Re:over fed? – help

#3921
Pete Giwojna
Guest

Dear Laurie:

Seahorses will typically darken in response to stress so the change in the coloration of your female golden seahorse is very likely an indication that she is out of sorts. But it’s difficult to say whether the problem is simply a bellyache or something more serious. Most of the time when a seahorse is plumped out like that it simply indicates that the seahorses is well fed. But that can also happen when there is a buildup of fluid (ascites) or gas (internal gas bubble syndrome) in the seahorse’s coelomic cavity or abdomen.

In the case of ascites, the buildup of fluid in the abdominal cavity tends to lead the seahorse with negative buoyancy (the tendency to sink), so that it will be laying or resting on the bottom, unable to swim normally and often unable to right itself and assume its normal upright posture. By contrast, when the bloated appearance of the seahorse is due to internal GBS, the buildup of gas within the abdominal cavity causes positive buoyancy problems for the seahorse, which tends to float as a result.

So if your female seahorse is plumped up but is not having buoyancy problems, and can swim normally when she wants to, my best guess is that she may simply have overindulged on the live feeder shrimp. Our seagoing gluttons don’t always know when to stop, particularly when hard-to-resist live foods are available, and it’s quite possible that if your female has gorged on 15-20 good sized grass shrimp or ghost shrimp over the last few days, her condition could be the result of pigging out on too many feeder shrimp. That could certainly leave the seahorse bloated and lethargic. (It’s been my experience that fish sitters always have an unfortunate tendency to overfeed, rather than underfeeding the fish.)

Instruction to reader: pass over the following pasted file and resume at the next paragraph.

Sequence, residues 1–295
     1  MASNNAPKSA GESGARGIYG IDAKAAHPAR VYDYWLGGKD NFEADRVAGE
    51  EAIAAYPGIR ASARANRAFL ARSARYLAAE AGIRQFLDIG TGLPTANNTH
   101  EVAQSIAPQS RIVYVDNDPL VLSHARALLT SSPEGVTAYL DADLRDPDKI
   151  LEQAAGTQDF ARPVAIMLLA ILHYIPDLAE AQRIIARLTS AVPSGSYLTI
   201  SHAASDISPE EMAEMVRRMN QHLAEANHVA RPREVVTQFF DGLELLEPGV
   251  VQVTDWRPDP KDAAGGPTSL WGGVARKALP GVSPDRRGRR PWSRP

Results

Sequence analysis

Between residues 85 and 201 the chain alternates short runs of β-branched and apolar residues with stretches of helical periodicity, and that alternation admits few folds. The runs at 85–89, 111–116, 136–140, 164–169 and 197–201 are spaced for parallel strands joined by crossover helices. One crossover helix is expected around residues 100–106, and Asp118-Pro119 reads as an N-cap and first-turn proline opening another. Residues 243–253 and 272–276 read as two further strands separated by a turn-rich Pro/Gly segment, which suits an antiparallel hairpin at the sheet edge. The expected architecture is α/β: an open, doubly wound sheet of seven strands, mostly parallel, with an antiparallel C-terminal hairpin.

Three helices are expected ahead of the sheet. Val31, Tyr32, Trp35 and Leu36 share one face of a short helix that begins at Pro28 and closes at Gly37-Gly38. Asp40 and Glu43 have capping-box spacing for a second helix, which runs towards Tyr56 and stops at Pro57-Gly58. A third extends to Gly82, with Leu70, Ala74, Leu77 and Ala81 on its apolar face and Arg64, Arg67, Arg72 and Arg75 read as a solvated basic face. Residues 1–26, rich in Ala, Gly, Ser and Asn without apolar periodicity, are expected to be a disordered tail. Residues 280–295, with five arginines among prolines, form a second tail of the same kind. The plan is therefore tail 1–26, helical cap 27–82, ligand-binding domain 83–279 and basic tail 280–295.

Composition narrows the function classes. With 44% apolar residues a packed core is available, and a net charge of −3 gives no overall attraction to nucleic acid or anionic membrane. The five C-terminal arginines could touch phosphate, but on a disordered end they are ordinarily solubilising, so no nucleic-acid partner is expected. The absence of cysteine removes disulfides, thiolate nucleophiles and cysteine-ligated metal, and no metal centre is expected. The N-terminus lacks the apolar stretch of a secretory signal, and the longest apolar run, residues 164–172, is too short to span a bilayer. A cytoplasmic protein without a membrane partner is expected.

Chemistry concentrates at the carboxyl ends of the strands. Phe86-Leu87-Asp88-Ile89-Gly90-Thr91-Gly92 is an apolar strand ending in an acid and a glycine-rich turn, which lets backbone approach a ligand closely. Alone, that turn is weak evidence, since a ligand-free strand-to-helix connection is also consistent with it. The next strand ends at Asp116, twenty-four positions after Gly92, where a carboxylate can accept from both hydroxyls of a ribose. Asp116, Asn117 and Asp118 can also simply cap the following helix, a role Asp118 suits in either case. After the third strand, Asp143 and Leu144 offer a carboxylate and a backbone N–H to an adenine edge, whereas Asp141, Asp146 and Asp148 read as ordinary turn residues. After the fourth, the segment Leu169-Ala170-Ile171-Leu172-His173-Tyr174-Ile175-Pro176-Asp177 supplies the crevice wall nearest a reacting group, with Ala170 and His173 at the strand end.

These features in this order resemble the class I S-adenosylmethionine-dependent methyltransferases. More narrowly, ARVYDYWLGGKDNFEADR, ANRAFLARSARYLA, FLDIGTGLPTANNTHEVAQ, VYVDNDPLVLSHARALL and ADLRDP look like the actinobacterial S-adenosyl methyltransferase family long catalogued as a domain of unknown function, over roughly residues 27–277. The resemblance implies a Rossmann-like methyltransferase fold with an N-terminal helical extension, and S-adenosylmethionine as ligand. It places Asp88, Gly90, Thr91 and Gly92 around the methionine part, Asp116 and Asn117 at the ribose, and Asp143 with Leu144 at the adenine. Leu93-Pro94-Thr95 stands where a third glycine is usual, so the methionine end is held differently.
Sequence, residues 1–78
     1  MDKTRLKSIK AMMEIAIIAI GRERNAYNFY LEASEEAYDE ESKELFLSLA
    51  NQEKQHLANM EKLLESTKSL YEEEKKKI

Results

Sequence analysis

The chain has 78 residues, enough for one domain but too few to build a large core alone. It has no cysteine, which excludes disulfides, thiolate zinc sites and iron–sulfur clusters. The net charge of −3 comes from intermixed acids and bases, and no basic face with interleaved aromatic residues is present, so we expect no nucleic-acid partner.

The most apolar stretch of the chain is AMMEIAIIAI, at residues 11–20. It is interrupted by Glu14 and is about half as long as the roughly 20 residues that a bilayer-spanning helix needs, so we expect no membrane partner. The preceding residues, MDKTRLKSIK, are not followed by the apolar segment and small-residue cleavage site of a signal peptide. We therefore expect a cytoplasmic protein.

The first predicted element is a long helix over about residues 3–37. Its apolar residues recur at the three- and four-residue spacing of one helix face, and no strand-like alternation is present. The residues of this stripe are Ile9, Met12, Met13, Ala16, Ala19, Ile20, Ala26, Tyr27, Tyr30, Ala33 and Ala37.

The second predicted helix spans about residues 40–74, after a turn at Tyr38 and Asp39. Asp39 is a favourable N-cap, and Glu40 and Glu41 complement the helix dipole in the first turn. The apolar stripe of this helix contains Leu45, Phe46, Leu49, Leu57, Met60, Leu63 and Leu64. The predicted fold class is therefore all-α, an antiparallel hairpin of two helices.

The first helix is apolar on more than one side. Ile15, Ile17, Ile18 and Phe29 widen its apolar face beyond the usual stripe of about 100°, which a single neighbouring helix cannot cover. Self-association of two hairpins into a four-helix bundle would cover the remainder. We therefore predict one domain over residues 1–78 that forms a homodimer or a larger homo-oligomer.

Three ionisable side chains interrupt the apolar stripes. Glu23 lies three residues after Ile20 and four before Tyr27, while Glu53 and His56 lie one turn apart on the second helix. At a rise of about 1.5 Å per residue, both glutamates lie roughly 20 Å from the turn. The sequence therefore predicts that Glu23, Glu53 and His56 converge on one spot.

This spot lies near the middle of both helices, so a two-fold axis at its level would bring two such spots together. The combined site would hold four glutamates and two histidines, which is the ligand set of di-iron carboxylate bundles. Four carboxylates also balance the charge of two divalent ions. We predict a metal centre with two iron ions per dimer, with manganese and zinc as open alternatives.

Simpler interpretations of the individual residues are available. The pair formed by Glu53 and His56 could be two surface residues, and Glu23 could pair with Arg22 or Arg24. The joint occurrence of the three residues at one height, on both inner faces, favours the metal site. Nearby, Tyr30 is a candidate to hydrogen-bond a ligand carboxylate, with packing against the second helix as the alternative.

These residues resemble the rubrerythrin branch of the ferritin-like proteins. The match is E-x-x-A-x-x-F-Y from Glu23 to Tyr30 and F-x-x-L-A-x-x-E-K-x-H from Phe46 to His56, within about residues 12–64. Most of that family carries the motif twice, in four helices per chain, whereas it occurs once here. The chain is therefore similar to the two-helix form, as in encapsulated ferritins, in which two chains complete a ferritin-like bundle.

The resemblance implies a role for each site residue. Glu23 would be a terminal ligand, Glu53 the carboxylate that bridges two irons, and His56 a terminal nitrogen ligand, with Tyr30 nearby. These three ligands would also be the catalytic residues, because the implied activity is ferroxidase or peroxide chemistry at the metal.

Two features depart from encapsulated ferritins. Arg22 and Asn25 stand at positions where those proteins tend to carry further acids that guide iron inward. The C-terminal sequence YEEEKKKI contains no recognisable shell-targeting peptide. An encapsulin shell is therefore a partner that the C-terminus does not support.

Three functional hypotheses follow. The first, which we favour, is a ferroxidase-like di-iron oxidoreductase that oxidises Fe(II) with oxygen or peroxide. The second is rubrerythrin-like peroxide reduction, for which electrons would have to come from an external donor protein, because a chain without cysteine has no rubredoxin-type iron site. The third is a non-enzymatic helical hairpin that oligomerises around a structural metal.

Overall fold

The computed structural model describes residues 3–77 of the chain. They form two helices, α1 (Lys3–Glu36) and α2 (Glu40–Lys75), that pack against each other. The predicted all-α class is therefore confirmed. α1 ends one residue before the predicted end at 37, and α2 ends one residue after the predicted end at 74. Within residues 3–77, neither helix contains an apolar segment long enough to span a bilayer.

My best advice would be to fast your female seahorse for the next couple of days and see if she begins to slim down as she produces fecal pellets. Keep a close eye on her during this time for any signs of buoyancy problems — either negative or positive — and make sure that she is eliminating fecal pellets. (There is also a chance that she could have become constipated as a result of her change in diet while you were away.) If she recovers after being fasted for a day or two, that’s a pretty clear indication that she was simply dealing with a major tummyache and some indigestion as a result of over eating.

Best of luck with your seahorses, Laurie! Here’s hoping your golden girl is back to normal again and brightens up following a day or two of fasting.

Respectfully,
Pete Giwojna


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